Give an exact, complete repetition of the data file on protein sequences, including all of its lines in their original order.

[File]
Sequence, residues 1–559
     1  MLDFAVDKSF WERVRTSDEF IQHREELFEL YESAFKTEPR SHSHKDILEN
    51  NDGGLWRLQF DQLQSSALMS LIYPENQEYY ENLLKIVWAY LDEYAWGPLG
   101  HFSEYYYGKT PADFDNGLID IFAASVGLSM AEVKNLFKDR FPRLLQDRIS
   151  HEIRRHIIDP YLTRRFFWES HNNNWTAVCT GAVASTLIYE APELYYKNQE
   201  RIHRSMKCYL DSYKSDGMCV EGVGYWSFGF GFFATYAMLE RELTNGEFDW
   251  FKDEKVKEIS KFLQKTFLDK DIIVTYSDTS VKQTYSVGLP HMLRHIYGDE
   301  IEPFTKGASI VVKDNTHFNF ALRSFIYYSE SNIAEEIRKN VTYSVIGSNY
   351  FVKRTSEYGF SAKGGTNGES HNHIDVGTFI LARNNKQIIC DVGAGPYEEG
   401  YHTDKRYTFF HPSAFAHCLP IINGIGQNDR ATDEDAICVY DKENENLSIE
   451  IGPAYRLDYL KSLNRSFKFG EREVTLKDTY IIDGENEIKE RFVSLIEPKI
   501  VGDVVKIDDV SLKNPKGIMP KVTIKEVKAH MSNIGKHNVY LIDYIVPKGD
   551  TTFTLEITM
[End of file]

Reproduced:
Sequence, residues 1–559
     1  MLDFAVDKSF WERVRTSDEF IQHREELFEL YESAFKTEPR SHSHKDILEN
    51  NDGGLWRLQF DQLQSSALMS LIYPENQEYY ENLLKIVWAY LDEYAWGPLG
   101  HFSEYYYGKT PADFDNGLID IFAASVGLSM AEVKNLFKDR FPRLLQDRIS
   151  HEIRRHIIDP YLTRRFFWES HNNNWTAVCT GAVASTLIYE APELYYKNQE
   201  RIHRSMKCYL DSYKSDGMCV EGVGYWSFGF GFFATYAMLE RELTNGEFDW
   251  FKDEKVKEIS KFLQKTFLDK DIIVTYSDTS VKQTYSVGLP HMLRHIYGDE
   301  IEPFTKGASI VVKDNTHFNF ALRSFIYYSE SNIAEEIRKN VTYSVIGSNY
   351  FVKRTSEYGF SAKGGTNGES HNHIDVGTFI LARNNKQIIC DVGAGPYEEG
   401  YHTDKRYTFF HPSAFAHCLP IINGIGQNDR ATDEDAICVY DKENENLSIE
   451  IGPAYRLDYL KSLNRSFKFG EREVTLKDTY IIDGENEIKE RFVSLIEPKI
   501  VGDVVKIDDV SLKNPKGIMP KVTIKEVKAH MSNIGKHNVY LIDYIVPKGD
   551  TTFTLEITM